Eastman, the seat of Dodge County, is a rural town of 4,962 residents, according to the 2010 U.S. census. It is located in the central part of the state, halfway between Columbus and Savannah, and was incorporated in 1905.
The expanse of land southeast of Macon is bounded by the Ocmulgee and Oconee Creek Indians, the area was lush with wiregrass and stands of enormous longleaf yellow pines. In the early nineteenth century Native Americans were forced out by white settlers, but the land remained thinly populated, covered by large tracts of piney woods.
With the opening of the Macon and Brunswick Railroad in 1869, pioneer settlers moved into the area in search of timber. Among the first was William Pitt Eastman of Gilmanton, New Hampshire, who arrived in 1868. Eastman, part owner and agent for the Georgia Land and Lumber Company, held title to 400,000 acres of land. The railroad stop in the area was originally designated "Station 13," but the name was shortly changed to Eastman. In 1870, upon learning that the railroad had renamed the station in his honor, William Eastman founded the town, donating much of his own land.
William E. Dodge and his family came to the area from New York shortly after the Civil War (1861-65) to harvest timber. He purchased a large tract of land stretching from the Oconee to the Ocmulgee. In 1870 the state legislature created a new county and named it for Dodge. The Dodge land purchase and their forceful possession of the land brought much discord, armed conflict, and bloodshed. Many pioneer settlers, for good reason, believed they held legal title to various tracts, particularly their homesteads. In 1923, after forty years of criminal and civil litigation in federal court, an order was issued disposing of the last case, in which Norman W. Dodge sued 381 defendants. By then all the majestic pines were gone, along with the sawmills.
Eastman was the location of a riot that broke out in late summer 1882. Accounts from the period say that thousands of African Americans from middle Georgia gathered in Eastman for a big camp meeting. A number of people engaged in drinking and gambling, and eventually a scuffle broke out between two black men. A white policeman restrained the aggressor, who managed to free himself, knocking down the policeman. The escaped man was shot as he ran away, by either another policeman or the man with whom he had argued. Events quickly got out of hand, culminating in the murder of an innocent young white boy whose identity was mistaken by an angry crowd. In the ensuing frenzy, the black crowd called for setting fire to white residences and killing local whites. Eventually the group was subdued and arrested. A few months later, about twenty-five people were tried and sentenced; six men and one woman were hanged, and the rest were to endure a life sentence of imprisoned labor.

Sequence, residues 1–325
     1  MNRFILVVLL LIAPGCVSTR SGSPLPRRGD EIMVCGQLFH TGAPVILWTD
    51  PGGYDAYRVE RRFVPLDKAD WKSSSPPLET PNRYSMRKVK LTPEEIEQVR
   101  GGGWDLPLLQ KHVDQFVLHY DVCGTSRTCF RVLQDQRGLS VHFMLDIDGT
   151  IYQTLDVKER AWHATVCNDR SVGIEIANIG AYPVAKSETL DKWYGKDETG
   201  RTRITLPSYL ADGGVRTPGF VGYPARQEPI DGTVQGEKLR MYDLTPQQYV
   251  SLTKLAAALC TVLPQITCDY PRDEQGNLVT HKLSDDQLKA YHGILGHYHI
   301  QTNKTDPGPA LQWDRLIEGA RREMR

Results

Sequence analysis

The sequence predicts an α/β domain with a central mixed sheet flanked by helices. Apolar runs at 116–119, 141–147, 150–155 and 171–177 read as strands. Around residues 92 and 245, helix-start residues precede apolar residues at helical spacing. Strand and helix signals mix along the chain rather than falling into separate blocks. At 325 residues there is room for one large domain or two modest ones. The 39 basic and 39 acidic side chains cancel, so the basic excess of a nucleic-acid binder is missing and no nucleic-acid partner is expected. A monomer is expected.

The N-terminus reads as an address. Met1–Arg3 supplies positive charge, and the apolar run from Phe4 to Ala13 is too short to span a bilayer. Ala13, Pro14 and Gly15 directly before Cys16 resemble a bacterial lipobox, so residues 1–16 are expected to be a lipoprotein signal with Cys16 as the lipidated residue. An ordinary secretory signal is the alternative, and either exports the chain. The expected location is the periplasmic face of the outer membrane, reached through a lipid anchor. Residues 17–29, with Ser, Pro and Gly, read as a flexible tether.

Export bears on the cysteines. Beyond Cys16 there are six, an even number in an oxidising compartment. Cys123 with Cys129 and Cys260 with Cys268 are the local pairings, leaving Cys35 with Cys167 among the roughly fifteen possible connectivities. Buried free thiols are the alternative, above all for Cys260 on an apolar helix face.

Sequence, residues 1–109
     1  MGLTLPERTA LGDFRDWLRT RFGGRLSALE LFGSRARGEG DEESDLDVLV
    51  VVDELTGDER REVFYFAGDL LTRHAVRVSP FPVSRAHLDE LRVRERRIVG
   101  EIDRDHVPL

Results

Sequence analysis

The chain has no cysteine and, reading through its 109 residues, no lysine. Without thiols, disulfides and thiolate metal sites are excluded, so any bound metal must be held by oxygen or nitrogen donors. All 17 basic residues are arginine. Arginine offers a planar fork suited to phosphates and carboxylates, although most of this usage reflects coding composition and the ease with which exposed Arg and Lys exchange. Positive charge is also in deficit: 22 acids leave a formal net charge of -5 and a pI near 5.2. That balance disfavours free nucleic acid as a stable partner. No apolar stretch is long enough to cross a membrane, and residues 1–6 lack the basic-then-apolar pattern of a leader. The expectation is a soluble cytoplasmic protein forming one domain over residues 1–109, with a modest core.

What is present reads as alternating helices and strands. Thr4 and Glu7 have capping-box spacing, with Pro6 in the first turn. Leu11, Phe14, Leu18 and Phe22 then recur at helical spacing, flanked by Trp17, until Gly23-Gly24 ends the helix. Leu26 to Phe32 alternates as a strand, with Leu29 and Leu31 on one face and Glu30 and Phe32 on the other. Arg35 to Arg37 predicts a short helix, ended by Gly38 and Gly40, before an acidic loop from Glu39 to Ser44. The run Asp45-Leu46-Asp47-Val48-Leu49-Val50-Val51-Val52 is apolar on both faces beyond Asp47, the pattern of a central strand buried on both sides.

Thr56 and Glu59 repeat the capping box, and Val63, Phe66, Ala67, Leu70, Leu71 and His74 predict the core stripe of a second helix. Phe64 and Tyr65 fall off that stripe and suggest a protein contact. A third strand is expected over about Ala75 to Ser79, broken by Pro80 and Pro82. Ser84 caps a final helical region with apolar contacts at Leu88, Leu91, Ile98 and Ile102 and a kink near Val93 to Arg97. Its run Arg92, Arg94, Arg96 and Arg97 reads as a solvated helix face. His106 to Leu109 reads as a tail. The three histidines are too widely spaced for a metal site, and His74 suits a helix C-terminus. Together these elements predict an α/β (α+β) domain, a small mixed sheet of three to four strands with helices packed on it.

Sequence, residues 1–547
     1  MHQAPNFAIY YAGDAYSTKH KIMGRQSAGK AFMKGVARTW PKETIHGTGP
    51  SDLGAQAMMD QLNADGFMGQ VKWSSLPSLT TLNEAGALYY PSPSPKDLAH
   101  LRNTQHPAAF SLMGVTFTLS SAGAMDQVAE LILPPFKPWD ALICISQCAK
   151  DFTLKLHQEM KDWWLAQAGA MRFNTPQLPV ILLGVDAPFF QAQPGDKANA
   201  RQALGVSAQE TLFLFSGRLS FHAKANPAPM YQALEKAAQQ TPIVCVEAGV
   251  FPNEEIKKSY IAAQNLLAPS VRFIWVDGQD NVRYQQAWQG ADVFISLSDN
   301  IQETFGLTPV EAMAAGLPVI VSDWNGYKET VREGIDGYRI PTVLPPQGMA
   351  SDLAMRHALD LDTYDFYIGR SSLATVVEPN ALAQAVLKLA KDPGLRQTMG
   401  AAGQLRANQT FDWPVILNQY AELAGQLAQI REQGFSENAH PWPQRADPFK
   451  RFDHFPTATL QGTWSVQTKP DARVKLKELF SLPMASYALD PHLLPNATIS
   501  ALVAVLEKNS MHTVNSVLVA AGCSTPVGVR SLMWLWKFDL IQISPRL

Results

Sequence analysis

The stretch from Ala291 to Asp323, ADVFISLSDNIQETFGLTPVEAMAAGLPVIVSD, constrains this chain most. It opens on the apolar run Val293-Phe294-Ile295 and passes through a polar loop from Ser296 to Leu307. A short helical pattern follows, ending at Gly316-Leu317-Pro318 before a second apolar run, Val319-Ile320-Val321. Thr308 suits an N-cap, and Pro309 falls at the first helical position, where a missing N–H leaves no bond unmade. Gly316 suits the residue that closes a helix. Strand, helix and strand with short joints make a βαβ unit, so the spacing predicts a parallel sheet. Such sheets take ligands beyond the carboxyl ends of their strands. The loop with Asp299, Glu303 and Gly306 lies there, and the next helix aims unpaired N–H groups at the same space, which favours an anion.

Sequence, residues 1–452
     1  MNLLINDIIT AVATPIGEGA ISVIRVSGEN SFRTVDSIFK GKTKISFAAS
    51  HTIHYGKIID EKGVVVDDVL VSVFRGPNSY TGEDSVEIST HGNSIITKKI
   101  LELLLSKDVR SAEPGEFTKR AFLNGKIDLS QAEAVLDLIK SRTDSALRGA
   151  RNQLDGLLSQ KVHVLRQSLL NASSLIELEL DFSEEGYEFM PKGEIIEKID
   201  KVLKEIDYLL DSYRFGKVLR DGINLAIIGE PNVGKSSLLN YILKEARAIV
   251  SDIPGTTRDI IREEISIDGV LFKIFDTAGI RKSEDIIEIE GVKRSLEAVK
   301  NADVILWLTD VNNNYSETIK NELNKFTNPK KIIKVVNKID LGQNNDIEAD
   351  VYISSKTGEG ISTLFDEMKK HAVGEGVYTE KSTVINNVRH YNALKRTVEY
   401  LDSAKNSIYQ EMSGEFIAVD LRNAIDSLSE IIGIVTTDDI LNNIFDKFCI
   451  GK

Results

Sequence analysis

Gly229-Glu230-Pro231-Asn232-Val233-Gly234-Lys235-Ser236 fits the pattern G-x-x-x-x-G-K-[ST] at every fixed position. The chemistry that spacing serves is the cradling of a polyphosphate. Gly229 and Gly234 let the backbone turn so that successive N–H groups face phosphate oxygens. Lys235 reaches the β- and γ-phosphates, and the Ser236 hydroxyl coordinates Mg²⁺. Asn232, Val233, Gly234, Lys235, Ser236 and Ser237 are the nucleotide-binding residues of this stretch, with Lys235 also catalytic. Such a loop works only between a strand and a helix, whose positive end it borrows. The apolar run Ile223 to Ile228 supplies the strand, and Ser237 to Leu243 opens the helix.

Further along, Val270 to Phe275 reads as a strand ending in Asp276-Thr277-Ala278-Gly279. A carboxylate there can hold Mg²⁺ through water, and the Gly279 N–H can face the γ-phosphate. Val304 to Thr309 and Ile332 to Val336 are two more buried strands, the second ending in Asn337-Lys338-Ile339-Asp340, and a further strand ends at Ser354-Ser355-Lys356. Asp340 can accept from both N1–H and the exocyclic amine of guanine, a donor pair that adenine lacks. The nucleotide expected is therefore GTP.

In the mid-1930s W. S. Stuckey Stuckey's Fine Pecan Candies had approximately 1,000 employees and 115 roadside stores. At that time $5 million worth of candy was manufactured annually. In 2004 candy is still made in the Eastman plant by the Standard Candy Company and is marketed through a variety of vendors.
The local economy in 2004 was well dispersed, consisting of manufacturing firms, agribusinesses, retail stores, and wood products industries, as well as education, national defense, and health care. The town is served by U.S. Highways 23 and 341, the Norfolk Southern Railway, and a public-use airport that houses the Middle Georgia College Aviation Campus (formerly Georgia Aviation Technical College), a satellite campus of Middle Georgia College.